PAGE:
Antioxidant activity of Bacopa monniera in rat frontal cortex, striatum and hippocampus.
Phytother Res 2000 May; 14(3): 174-9
Bhattacharya SK, Bhattacharya A, Kumar A, Ghosal S.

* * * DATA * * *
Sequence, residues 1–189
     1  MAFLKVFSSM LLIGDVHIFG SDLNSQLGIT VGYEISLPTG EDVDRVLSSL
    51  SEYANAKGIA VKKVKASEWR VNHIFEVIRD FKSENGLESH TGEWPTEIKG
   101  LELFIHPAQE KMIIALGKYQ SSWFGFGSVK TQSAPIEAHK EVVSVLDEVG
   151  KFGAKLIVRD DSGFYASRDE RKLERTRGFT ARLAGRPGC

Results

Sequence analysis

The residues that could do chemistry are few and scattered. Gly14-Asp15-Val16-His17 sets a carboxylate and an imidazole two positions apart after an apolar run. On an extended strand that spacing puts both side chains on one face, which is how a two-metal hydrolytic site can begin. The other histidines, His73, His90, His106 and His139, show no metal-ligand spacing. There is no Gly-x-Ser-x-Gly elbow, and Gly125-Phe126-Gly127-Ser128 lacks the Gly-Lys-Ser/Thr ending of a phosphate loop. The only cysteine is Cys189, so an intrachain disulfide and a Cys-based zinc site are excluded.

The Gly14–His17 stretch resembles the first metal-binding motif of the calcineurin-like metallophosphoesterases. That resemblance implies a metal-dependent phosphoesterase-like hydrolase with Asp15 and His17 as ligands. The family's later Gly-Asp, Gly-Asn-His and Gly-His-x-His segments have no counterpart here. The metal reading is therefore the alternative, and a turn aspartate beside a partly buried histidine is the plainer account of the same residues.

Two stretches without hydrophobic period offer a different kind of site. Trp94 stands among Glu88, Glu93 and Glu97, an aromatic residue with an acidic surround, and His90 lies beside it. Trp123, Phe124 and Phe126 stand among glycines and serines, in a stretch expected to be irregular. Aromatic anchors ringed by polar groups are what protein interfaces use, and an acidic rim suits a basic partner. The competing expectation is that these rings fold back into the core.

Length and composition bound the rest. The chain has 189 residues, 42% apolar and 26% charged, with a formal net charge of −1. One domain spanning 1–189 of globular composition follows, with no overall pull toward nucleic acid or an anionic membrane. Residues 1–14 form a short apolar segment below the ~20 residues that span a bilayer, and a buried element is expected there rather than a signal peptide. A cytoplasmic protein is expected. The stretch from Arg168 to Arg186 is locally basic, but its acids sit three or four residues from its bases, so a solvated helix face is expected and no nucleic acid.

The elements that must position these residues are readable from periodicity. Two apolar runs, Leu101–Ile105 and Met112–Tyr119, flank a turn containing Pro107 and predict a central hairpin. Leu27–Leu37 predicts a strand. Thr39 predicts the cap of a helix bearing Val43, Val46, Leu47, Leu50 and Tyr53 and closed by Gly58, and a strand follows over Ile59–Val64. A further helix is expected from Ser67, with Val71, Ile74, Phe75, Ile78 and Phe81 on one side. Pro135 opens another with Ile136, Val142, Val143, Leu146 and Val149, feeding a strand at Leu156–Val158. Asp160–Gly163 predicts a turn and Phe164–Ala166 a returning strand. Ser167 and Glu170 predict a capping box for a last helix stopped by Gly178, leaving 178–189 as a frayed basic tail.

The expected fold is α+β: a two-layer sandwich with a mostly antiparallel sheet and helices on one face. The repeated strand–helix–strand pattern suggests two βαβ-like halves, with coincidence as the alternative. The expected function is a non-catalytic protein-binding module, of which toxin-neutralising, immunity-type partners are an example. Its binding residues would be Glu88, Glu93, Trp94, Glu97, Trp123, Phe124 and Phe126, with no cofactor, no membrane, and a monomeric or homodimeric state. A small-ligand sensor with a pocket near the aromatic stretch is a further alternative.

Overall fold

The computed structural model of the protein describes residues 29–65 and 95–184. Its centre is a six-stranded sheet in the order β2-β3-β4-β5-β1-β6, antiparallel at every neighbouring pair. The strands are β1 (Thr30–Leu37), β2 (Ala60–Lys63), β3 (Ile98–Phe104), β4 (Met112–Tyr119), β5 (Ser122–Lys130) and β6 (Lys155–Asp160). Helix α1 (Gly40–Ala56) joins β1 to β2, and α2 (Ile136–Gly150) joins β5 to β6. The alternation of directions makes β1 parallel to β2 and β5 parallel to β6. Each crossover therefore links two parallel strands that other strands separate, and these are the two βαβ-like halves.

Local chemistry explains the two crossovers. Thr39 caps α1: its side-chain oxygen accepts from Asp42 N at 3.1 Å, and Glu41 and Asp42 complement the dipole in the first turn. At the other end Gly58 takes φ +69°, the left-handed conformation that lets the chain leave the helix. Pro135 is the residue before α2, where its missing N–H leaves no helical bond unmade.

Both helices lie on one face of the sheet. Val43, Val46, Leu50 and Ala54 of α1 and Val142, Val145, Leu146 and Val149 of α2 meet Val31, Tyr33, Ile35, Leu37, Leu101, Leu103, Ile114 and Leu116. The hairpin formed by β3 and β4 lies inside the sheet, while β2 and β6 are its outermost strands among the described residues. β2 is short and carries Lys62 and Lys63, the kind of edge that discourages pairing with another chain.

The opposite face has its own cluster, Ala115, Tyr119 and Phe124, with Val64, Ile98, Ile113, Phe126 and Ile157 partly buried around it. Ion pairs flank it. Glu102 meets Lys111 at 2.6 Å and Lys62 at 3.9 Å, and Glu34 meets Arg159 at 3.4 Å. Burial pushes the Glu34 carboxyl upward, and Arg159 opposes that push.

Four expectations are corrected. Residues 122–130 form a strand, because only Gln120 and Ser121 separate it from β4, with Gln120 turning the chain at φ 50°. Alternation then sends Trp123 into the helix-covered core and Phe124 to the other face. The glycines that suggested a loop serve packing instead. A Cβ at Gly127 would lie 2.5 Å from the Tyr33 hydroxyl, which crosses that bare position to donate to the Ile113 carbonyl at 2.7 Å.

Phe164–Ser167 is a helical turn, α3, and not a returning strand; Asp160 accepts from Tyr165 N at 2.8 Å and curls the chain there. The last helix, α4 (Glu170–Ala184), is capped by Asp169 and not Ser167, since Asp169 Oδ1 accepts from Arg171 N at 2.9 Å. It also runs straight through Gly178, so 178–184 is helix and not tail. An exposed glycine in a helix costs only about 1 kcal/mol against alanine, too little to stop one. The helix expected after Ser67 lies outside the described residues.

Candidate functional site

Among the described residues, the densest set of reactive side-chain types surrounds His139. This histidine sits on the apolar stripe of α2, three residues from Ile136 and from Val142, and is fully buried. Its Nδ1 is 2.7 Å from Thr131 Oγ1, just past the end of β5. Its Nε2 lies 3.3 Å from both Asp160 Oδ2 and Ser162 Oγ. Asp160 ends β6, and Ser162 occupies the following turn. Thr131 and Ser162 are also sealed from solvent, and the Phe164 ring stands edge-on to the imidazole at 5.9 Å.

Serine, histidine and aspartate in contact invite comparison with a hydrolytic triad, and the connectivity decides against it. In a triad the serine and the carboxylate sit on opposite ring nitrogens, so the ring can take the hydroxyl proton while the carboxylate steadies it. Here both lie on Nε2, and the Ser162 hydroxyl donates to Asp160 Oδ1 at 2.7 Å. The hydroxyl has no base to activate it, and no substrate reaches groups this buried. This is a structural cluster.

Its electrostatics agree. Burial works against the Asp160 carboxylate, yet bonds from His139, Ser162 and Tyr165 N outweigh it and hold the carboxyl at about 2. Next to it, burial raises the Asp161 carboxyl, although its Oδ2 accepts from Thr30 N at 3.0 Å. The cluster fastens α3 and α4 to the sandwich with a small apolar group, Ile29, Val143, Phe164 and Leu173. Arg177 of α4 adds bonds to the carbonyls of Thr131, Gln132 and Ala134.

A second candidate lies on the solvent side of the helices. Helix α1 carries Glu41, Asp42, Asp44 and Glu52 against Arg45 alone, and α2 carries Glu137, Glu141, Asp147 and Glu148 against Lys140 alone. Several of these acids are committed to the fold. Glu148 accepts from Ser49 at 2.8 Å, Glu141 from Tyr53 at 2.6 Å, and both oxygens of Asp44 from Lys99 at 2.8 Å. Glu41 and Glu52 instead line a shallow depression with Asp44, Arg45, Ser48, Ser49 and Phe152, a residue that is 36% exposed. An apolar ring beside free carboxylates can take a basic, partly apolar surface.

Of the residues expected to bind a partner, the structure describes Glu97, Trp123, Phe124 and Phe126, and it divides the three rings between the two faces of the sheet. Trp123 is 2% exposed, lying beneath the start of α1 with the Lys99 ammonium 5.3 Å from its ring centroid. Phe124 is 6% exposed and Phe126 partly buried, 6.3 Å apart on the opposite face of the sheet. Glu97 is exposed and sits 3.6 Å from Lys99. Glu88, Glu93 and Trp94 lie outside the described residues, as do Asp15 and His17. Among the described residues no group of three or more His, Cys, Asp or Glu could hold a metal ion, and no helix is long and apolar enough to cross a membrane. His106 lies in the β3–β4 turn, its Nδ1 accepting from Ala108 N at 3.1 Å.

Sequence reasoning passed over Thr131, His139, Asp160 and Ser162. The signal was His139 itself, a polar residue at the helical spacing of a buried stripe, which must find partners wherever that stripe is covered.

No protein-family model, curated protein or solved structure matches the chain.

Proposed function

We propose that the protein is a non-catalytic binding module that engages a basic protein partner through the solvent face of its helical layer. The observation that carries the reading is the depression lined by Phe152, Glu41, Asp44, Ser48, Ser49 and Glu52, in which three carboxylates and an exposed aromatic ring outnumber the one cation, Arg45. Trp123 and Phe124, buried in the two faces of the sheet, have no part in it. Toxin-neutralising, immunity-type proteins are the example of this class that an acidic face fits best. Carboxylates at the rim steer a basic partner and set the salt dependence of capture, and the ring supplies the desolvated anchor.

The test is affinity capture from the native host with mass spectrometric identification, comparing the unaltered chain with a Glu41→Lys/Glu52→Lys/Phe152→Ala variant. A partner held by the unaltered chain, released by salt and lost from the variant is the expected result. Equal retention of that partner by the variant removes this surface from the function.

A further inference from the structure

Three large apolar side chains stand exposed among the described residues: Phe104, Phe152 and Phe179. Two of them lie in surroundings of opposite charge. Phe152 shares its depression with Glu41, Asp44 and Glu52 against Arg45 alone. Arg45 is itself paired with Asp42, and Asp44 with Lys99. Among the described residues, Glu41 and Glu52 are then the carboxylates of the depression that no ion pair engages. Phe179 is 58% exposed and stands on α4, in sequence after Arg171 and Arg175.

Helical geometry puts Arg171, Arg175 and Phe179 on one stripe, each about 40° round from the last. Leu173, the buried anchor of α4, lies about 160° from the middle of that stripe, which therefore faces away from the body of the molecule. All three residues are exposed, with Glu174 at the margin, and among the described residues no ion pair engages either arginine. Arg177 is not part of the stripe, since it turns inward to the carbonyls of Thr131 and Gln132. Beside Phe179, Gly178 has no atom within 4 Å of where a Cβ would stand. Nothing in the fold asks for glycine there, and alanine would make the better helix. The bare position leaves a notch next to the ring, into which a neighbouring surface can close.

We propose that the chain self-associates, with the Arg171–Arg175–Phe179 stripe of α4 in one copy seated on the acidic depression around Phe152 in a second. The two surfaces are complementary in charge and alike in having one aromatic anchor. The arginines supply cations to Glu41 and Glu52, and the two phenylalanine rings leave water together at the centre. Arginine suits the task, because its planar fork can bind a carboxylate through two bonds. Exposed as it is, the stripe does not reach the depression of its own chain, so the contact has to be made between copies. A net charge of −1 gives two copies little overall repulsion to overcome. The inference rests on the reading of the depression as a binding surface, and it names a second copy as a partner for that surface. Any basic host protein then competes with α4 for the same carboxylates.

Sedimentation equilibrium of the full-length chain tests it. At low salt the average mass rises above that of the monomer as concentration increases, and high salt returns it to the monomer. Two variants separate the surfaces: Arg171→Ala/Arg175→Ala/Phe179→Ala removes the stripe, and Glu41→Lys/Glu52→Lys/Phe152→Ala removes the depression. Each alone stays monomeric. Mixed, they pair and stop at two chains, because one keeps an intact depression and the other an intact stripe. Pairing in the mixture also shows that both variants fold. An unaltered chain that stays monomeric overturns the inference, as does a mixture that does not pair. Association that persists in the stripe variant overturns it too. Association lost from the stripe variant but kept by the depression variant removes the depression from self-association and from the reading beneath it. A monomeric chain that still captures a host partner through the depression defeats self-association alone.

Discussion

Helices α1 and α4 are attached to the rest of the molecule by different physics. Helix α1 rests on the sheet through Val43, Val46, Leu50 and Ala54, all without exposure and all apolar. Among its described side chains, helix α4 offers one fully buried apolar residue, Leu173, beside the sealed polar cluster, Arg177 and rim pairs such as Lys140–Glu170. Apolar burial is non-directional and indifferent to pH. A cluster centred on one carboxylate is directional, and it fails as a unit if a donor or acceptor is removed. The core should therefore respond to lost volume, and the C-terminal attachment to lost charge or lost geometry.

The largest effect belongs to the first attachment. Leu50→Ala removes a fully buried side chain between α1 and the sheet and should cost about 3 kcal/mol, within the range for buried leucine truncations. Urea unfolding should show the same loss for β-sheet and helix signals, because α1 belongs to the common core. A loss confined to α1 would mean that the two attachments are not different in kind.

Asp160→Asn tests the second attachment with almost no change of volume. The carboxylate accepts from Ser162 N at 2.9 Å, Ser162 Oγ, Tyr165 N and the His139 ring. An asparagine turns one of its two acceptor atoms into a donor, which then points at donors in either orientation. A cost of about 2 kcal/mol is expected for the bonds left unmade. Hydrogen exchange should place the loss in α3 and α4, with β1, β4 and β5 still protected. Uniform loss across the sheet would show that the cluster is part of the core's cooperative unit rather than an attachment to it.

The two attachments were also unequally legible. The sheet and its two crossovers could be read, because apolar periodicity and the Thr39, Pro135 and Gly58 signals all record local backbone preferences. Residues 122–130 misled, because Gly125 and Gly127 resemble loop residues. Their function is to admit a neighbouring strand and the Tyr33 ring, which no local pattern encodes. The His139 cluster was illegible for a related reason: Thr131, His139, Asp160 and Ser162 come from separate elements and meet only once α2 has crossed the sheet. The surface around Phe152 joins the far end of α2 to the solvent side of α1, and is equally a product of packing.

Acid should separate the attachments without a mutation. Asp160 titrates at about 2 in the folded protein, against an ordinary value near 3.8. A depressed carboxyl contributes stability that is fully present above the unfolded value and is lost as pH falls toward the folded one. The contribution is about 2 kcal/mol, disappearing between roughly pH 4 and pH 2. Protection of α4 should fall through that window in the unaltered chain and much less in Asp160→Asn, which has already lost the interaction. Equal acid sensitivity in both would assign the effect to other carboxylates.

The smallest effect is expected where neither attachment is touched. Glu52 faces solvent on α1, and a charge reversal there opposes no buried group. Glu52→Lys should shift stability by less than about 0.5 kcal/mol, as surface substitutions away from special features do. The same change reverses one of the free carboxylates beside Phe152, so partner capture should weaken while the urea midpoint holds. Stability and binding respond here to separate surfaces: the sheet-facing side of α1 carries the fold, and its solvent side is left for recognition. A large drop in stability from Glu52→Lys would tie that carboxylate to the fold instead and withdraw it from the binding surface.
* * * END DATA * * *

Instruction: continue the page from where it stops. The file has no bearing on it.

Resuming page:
The effect of a standardized extract of Bacopa monniera Linn. was assessed on rat brain frontal cortical, striatal and hippocampal superoxide dismutase (SOD), catalase (CAT) and glutathione peroxidase (GPX) activities, following administration for 7, 14 or 21 days. The effects induced by this extract (bacoside A content 82% /- 0.5%), administered in doses of 5 and 10 mg/kg, orally, were compared with the effects induced by (-) deprenyl (2 mg/kg, p. o.) administered for the same time periods. Bacopa monniera (BM) induced a dose-related increase in SOD, CAT and GPX activities, in all the brain regions investigated, after 14 and 21 days of drug administration. On the contrary, deprenyl induced an increase in SOD, CAT and GPX activities in the frontal cortex and striatum, but not in the hippocampus, after treatment for 14 or 21 days. The results suggest that BM, like deprenyl, exhibits a significant antioxidant effect after subchronic administration which, unlike the latter, extends to the hippocampus as well. The results suggest that the increase in oxidative free radical scavenging activity by BM may explain, at least in part, the cognition- facilitating action of BM, recorded in Ayurvedic texts, and demonstrated experimentally and clinically.